When the original Birmingham Institute of Art and Design was founded in 1843 the city was at the centre of the industrial world.
Now a new institute in Eastside is due to open in September – and it could be our best chance to help put the city back where it belongs.
The new campus has been designed to encourage the likes of designers, architects, film-makers and jewellers to come together and innovate, in what executive dean Professor Chris O’Neil calls “exquisite collisions”.
He said design-led production was the impetus behind the Industrial Revolution, and was still the key to creating renewed growth in the West Midlands following years of decline.
The £61 million institute – part of Birmingham City University – boasts state-of-the-art editing and animation suites, the country’s largest permanent green screen backdrop, a theatre, fashion workshops, a textiles area with computerised looms and printers and metal workshops.
Prof O’Neil said: “People like me are far too old to understand what young people are thinking. We have no idea about it.
“And we don’t know what the world is going to be like in 100 years time.
“The legacy and design of this building is to be a place where creativity just happens. That is the future for Birmingham.”
“We like to call them exquisite collisions,” he added.
“This is the concept that sits behind this building. We want to be a space where different departments come together and communicate, so we have created an environment where, for example, engineering and architecture collide.”
Prof O’Neil said the campus had been designed to stimulate innovation between different sectors, and between the students and the private sector. And he has the examples to prove it – Birmingham City University students have worked with the likes of Triumph Motorcycles, Cartier and Ferrari in the past.
A further example of this work has been exhibited by BCU graduate Jack Row, who designed one of the world’s most expensive pens.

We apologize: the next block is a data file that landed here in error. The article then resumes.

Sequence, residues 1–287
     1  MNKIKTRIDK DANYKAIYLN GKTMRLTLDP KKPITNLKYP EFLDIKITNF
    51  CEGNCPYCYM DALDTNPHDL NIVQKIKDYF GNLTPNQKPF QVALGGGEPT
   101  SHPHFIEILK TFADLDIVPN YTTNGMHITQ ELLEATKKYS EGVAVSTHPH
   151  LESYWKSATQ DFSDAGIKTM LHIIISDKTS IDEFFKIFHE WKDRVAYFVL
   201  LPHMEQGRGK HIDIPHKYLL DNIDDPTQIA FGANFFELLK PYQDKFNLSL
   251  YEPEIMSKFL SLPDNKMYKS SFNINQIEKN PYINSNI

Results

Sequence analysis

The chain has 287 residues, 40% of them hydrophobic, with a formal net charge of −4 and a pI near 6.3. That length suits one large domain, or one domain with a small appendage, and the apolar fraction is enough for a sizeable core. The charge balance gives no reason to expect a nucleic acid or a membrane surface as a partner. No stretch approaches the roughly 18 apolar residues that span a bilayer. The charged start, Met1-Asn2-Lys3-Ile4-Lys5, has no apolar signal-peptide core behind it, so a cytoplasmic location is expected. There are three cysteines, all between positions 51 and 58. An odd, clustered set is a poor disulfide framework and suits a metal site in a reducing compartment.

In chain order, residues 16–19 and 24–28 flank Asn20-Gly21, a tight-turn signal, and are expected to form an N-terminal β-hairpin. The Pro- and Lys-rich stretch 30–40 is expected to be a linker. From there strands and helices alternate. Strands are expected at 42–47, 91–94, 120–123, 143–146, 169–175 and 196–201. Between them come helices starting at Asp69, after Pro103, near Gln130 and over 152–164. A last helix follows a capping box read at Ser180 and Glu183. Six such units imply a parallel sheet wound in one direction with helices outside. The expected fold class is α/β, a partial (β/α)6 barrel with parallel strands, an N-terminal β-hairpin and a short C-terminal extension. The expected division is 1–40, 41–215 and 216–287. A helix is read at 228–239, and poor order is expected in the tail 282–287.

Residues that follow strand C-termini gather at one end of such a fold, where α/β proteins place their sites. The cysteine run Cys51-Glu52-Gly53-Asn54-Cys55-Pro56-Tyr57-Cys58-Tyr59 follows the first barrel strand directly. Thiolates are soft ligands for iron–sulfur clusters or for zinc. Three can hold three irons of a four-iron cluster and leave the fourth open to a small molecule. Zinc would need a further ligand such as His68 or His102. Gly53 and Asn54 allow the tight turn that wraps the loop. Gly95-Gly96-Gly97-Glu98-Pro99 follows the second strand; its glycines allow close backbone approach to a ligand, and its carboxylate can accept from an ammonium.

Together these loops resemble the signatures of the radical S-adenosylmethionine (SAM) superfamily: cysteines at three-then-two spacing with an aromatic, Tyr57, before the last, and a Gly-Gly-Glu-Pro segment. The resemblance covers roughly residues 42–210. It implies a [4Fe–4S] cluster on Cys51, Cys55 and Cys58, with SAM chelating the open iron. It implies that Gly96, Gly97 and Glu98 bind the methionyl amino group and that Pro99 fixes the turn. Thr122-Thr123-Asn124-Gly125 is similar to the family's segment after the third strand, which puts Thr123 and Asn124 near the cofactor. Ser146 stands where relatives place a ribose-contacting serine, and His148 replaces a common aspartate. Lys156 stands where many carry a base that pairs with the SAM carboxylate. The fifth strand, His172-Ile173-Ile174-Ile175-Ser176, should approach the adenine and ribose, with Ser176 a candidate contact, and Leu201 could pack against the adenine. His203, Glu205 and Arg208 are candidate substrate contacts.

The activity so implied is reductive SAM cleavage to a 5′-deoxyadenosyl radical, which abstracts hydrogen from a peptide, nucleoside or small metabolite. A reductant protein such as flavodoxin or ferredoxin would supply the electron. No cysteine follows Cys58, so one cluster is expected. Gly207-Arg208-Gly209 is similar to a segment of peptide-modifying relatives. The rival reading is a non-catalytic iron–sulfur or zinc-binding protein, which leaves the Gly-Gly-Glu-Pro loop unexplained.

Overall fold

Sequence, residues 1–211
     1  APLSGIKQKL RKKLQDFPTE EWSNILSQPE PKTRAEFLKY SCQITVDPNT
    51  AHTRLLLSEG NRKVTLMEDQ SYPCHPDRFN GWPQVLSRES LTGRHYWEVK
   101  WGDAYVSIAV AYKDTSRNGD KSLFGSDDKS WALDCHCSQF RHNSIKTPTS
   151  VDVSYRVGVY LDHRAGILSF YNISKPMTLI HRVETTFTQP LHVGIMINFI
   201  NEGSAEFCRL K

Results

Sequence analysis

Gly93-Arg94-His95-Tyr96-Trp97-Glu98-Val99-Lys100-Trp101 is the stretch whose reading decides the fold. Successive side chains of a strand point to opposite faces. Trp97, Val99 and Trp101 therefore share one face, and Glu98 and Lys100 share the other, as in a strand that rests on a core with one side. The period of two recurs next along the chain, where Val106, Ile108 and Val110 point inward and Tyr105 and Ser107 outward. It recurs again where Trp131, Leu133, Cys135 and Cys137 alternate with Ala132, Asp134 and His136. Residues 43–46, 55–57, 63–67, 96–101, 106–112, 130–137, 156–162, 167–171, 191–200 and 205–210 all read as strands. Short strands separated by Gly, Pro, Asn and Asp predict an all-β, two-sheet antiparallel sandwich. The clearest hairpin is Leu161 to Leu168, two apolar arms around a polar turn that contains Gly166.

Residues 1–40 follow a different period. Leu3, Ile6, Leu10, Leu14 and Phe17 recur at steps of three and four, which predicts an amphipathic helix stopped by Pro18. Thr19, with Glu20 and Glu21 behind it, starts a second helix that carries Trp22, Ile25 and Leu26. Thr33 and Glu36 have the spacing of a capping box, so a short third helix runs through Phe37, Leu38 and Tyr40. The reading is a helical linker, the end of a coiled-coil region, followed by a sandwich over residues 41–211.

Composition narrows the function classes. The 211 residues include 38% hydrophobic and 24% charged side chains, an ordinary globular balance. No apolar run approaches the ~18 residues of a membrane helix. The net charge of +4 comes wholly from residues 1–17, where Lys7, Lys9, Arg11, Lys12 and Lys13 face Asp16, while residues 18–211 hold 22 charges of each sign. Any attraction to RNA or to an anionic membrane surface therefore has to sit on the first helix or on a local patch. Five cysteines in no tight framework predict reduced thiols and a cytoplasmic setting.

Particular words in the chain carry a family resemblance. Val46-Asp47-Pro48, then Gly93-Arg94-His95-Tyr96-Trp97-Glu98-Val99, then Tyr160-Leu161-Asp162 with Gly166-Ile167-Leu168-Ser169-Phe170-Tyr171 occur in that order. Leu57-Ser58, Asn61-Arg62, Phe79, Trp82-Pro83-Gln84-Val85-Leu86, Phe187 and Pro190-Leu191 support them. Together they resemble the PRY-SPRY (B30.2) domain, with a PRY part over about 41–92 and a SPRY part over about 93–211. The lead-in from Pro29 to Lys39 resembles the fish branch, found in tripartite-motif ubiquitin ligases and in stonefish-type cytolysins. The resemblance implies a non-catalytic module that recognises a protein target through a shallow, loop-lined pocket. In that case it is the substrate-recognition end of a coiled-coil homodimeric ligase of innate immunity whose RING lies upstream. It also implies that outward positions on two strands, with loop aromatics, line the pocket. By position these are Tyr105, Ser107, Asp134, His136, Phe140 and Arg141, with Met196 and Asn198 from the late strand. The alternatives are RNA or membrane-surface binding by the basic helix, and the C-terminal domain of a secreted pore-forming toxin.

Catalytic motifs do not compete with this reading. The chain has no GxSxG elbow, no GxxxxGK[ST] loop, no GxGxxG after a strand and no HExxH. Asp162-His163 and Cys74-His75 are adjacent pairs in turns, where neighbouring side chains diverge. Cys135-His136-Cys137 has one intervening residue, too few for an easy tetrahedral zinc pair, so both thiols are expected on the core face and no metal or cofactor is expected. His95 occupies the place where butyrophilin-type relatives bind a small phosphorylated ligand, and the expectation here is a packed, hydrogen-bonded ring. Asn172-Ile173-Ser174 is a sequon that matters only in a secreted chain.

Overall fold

The hand-crafted, white gold and diamond detailed fountain pen, currently on sale for £27,500 at Harrods in London, went through rapid prototyping at the university, and blended engineering know-how with the fine art of jewellery design.
Prof O’Neil said such innovation will be key to growth in the city through exports in future.
He said: “If you look at the context of cultural industries and the value that design-led exports bring to the country – the Work Foundation is talking about 35 per cent of UK exports being design-led – then you can see how important this is.
“We go from engine management systems to green technology, and from film, to art, to jewellery.”
While creativity runs throughout the building, it is the broadcasting and production facilities that are perhaps the most welcome.
BCU has a strong pedigree – it created the dragons for a Harry Potter movie using its computer-aided design and computer-aided manufacturing (CAD/CAM) facilities.
But the Midlands remains largely barren when it comes to film and television production – Pebble Mill is long gone and the BBC and ITV no longer operate any network television studios in the region so the facilities make the institute the largest broadcasting centre in the Midlands.
Studio A, which at more than 2,000 sq ft is one of the largest studios in the country, is essentially a concrete box sitting on rubber, which means it is entirely soundproof.
Studio B is the largest permanent green screen studio in the country, allowing filming to take place before a computer generated backdrop is added. It also boasts a ‘milo’ motion control camera – used to create special effects by the likes of Wallace and Gromit-maker Aardman – and is the only one of its kind in the Midlands.
“This is the biggest green screen and milo facilities that there is,” Prof O’Neil said. “I bought the milo when there were only four in the country – we have the best green screen outside London.
“This is the answer to the question about what the Midlands can do to serve not only the media but others, for example game-makers, and animators.”